Egyptians Rule In World Semis In Doha
13 Dec 2012
The final of the Qatar PSA World Squash Championship will be an all-Egyptian affair for the third time in the last five years after underdogs Mohamed El Shorbagy and Ramy Ashour triumphed against higher-ranked Englishmen in today's semi-finals of the premier PSA World Tour championship in Doha.
Boasting a $325,000 prize-fund, the second biggest in the sport's history, the Qatar PSA World Championship is being hosted by Qatar for the third time and being held at the Khalifa International Tennis & Squash Complex.
El Shorbagy, aged 21 and the youngest player in the world top 25, faced top seed James Willstrop in the opening semi-final. The 29-year-old world number one from Leeds boasted a 7/1 career head-to-head record over the young Alexandrian - but had been stretched to five games in a 90-minute US Open clash only two months ago.
It was one-all after 46 minutes - and it took a further 34 minutes to resolve the third game, El Shorbagy taking it 14-12 after his third game-ball.
But the experienced Willstrop, eager to win the title for the first time, battled back from 2-4 down in the fourth to draw level.
The favourite led up to 8-7 in the decider, but it was El Shorbagy who then held his nerve to win the next four points in a row to clinch the match 11-9, 9-11, 14-12, 4-11, 11-8 after 112 minutes - and earn his maiden appearance in a world final.
"Before anything I want to hug my mother," the eighth seed told event MC Robert Edwards (in Arabic) before charging off the court and into the arms of his weeping mother. The crowd shared the emotional moment as he also went to his brother and his father.
Willstrop went into the match knowing that even winning the title would not be enough to enable him to retain the world number one ranking he has held for all but one month this year.
"I didn't quite get it right," admitted the Yorkshireman about the match. "He was hitting with purpose and ferocity.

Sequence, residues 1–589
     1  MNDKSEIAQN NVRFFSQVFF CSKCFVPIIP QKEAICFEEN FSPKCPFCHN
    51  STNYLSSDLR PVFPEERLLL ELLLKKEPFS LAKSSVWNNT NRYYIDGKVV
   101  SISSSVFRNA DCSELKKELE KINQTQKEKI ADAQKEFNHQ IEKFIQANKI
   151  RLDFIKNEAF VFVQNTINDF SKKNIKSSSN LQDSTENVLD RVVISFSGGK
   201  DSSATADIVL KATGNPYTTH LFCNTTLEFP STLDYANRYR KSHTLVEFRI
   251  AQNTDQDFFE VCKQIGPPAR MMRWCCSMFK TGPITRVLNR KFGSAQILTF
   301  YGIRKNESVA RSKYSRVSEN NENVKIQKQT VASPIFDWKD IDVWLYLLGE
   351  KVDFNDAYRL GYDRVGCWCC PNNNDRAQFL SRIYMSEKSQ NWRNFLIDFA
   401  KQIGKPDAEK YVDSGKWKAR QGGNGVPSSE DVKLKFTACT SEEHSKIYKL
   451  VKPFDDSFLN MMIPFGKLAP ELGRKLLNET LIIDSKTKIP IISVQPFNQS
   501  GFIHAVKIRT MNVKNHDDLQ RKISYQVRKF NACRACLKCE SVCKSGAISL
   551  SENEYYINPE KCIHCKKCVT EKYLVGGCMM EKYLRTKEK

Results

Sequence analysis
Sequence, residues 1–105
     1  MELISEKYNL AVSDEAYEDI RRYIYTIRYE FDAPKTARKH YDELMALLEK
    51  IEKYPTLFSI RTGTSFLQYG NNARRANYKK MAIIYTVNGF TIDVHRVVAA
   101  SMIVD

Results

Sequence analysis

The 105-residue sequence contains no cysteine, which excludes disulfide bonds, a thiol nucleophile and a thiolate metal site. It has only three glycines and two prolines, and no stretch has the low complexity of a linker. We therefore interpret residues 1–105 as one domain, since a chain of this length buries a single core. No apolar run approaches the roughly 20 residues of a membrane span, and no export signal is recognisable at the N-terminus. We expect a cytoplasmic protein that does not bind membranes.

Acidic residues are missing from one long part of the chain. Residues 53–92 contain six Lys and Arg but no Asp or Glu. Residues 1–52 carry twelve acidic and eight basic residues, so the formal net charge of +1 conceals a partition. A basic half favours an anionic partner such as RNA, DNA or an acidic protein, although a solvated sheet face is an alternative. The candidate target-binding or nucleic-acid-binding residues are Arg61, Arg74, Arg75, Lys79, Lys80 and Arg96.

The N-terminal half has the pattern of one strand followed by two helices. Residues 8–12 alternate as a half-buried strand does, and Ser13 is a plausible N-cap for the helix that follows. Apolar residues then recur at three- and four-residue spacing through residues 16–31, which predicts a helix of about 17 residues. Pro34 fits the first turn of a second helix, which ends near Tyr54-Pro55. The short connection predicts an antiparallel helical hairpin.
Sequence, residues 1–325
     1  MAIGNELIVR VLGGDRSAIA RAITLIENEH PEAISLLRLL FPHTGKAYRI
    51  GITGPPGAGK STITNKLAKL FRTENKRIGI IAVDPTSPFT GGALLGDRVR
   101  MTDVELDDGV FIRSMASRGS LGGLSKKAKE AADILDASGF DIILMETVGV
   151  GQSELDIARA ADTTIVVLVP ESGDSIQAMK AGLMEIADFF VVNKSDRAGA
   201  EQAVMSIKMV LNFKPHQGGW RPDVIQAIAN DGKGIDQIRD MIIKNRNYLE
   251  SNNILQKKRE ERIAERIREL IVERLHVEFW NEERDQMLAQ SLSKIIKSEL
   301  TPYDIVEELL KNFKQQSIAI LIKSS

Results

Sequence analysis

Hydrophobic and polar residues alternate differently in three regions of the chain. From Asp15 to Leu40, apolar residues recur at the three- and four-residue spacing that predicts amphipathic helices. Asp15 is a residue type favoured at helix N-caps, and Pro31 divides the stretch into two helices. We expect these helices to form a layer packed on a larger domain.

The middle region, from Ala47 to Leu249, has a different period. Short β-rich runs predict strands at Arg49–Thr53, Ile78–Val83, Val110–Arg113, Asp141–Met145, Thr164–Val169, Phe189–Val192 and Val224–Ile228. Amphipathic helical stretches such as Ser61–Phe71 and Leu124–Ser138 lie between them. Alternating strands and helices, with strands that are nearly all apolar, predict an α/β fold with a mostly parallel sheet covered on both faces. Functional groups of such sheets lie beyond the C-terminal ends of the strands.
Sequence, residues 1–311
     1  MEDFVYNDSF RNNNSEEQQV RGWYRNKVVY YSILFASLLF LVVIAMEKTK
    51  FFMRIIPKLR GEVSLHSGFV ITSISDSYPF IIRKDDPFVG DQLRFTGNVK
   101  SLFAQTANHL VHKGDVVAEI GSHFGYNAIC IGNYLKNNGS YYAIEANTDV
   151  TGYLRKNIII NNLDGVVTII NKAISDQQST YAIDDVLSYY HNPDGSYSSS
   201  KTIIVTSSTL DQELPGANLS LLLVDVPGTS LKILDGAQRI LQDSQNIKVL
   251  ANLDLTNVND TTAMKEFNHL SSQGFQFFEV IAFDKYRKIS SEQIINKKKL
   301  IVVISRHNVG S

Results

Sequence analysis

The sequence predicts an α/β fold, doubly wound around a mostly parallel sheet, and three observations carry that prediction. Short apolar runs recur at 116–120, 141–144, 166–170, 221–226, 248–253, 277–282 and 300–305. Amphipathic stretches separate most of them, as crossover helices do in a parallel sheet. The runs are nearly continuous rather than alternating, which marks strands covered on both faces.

"I am as strong as anyone in the world but I felt like there was a slight drop in intensity. I haven't had a session like that for a while."
Dramatic though the opening match clearly was, the second semi-final offered not only the chance for the winner to reach the final, but also to inherit the first world number one ranking of 2013.
Ashour, the fifth seed and champion in 2008, lined up against title-holder Nick Matthew, the world number two from England who was bidding to become the first player since Pakistan legend Jansher Khan to win the world title three times in a row.
The Cairo-based Egyptian last topped the world rankings for nine months in 2010, before Matthew succeeded him to reign supreme throughout 2011.
The match lived up to expectations: Ashour, 13/7 ahead on career meetings and winner of their two most recent clashes, took the first two games - but the reigning champion fought back to reduce the deficit.
Ashour reclaimed the advantage in the fourth to win 11-9, 11-5, 9-11, 11-8 after 72 minutes - and ensure his return to the top of the world rankings after a two-year absence.
"I'm on top of the world!" Ashour told www.squashsite.com afterwards.
"He was the world champion, probably the fittest guy on the tour," added the 25-year-old. "It was not easy to beat Nick tonight."
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